The invention is a tile overlay system 20 and method for covering a defined base surface area 22. Typically, the tile overlay system 20 comprises a plurality of tiles 24 having a predetermined size for placement in a predetermined pattern that forms a space 26, or a gap between each tile 24. In the present invention, the tiles 24 are flexible, however rigid tiles could be substituted with equally satisfactory results. Moreover, it should be noted that for the sake of simplicity the following assumes that each individual tile 24 is substantially alike and defines a tile surface 30. However each individual tile 24 could be dissimilar in that it could incorporate a distinctive tile surface 30 resulting from the way the tile is formed. For example, each tile 24 could have a surface image which could include hand painted art, photos, or a distinctive troweled texture (not illustrated). Typically, the tiles 24 are constructed as a composite comprising epoxy as a base.

In order to accurately place the tiles 24, a grid 34 is defined on the (sub-floor) base surface area 22 for positioning the tiles 24 over the same to form the predetermined pattern 36. Typically, the base surface area 22 lies within the boundary of walls 37.

Further, an adhesive 38 is applied in transparent liquid form over the base surface area 22 to allow the grid 34 to appear through the liquid adhesive 38. In this way, the installer can place the tiles 24, according to the grid 34, over the adhesive 38. In addition, while the adhesive 38 is in the liquid form, a dry granular filler material 40 is broadcasted in the space 26 between the tiles 24. Because the granular filler material 40 is typically dry, the same is absorbed into the liquid adhesive 38 to integrally bond therewith, wherein the adhesive 38 cures after the placement of the tiles 24, and after placement of the granular filler material 40 thereby bonding the tiles 24 and the granular filler material 40 to the base surface area 22.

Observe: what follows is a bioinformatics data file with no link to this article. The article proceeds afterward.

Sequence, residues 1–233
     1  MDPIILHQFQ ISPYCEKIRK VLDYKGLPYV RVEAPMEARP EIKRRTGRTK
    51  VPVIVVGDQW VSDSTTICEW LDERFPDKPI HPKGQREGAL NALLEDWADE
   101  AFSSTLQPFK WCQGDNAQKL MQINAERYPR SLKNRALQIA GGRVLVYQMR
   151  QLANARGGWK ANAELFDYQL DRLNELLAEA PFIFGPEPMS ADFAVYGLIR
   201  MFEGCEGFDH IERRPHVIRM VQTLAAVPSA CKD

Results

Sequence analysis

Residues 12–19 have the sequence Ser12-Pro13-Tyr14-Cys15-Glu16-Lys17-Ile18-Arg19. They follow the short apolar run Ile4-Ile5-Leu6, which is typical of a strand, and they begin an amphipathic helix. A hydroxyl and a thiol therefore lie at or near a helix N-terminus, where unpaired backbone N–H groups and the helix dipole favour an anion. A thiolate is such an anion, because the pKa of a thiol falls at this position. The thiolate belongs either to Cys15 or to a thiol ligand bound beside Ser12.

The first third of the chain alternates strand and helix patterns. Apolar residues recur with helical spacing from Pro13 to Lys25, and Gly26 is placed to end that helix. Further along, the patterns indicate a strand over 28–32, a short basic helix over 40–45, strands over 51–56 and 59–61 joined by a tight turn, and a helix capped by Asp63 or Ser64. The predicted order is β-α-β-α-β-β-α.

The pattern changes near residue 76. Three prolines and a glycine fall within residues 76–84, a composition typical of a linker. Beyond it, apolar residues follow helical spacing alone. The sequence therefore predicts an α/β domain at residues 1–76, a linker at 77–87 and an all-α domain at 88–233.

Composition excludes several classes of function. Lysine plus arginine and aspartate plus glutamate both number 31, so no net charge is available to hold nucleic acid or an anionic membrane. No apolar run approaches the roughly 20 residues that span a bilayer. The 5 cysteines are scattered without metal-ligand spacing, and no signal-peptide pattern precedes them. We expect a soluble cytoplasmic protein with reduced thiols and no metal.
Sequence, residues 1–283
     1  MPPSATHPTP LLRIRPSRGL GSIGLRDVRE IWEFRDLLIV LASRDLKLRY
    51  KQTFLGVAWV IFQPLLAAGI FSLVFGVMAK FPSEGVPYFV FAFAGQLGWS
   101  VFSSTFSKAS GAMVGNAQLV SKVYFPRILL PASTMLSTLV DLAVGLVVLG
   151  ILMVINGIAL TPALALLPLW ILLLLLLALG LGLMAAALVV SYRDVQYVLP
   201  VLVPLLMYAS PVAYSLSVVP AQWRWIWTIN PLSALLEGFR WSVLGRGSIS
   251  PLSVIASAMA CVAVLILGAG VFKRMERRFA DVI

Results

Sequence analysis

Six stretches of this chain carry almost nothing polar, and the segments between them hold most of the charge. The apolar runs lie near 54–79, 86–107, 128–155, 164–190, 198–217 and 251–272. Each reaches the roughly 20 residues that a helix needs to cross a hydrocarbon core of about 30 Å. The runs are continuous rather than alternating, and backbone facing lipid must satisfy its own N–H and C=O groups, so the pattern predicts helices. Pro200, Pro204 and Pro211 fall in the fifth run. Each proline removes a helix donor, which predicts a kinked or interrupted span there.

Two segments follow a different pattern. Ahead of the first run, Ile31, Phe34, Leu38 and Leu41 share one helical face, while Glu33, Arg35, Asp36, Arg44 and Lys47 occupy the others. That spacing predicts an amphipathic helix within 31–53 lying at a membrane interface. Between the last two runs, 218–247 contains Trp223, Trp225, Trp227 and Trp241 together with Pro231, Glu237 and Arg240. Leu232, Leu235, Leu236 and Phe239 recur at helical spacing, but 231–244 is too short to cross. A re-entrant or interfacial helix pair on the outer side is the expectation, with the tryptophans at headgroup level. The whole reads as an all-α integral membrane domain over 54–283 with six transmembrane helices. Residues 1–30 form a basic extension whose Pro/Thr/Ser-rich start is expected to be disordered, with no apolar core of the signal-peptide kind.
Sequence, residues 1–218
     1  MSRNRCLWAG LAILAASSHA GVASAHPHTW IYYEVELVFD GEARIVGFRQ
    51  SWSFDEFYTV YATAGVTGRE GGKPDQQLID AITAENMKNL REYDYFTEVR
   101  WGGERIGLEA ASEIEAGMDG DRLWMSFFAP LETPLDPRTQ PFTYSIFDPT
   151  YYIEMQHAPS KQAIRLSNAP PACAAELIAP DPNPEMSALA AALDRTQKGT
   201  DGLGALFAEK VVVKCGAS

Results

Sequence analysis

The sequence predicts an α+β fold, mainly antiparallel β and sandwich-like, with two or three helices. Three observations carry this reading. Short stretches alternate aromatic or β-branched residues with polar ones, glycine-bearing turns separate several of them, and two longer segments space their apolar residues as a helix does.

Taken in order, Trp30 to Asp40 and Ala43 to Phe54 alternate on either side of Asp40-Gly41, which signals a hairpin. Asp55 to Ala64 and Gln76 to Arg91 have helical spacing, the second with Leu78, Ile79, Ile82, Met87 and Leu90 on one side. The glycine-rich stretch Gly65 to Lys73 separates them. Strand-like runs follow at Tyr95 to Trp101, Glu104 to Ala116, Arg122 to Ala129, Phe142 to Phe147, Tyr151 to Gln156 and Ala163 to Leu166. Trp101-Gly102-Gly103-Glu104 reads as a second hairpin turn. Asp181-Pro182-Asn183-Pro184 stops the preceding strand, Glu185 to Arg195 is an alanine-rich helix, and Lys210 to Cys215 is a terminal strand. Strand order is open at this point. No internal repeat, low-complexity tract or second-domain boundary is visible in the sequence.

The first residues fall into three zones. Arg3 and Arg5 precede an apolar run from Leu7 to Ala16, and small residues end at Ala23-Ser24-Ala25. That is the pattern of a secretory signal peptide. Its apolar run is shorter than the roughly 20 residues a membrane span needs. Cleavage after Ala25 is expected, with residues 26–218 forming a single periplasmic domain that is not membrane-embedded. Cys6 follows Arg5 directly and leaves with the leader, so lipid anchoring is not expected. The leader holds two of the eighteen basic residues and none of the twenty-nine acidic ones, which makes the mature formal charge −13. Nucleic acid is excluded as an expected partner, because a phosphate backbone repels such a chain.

In a final application, a continuous transparent top coat 42 is applied in liquid form over the tiles 24 and granular filler material 40 to form a continuous top surface 44 that seals the tiles 24 and the granular filler material 40.